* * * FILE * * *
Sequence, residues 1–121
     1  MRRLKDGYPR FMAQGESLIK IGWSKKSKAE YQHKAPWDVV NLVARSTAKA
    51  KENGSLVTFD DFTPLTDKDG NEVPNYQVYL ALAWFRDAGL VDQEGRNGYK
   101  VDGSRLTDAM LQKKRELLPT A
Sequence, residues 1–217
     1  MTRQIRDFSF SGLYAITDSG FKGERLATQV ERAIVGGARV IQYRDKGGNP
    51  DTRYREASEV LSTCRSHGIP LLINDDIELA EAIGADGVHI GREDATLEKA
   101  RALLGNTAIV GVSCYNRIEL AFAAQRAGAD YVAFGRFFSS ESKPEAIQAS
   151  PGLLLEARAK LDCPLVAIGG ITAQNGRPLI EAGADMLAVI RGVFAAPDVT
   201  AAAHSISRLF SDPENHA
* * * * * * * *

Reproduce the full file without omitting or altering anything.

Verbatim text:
Sequence, residues 1–121
     1  MRRLKDGYPR FMAQGESLIK IGWSKKSKAE YQHKAPWDVV NLVARSTAKA
    51  KENGSLVTFD DFTPLTDKDG NEVPNYQVYL ALAWFRDAGL VDQEGRNGYK
   101  VDGSRLTDAM LQKKRELLPT A
Sequence, residues 1–217
     1  MTRQIRDFSF SGLYAITDSG FKGERLATQV ERAIVGGARV IQYRDKGGNP
    51  DTRYREASEV LSTCRSHGIP LLINDDIELA EAIGADGVHI GREDATLEKA
   101  RALLGNTAIV GVSCYNRIEL AFAAQRAGAD YVAFGRFFSS ESKPEAIQAS
   151  PGLLLEARAK LDCPLVAIGG ITAQNGRPLI EAGADMLAVI RGVFAAPDVT
   201  AAAHSISRLF SDPENHA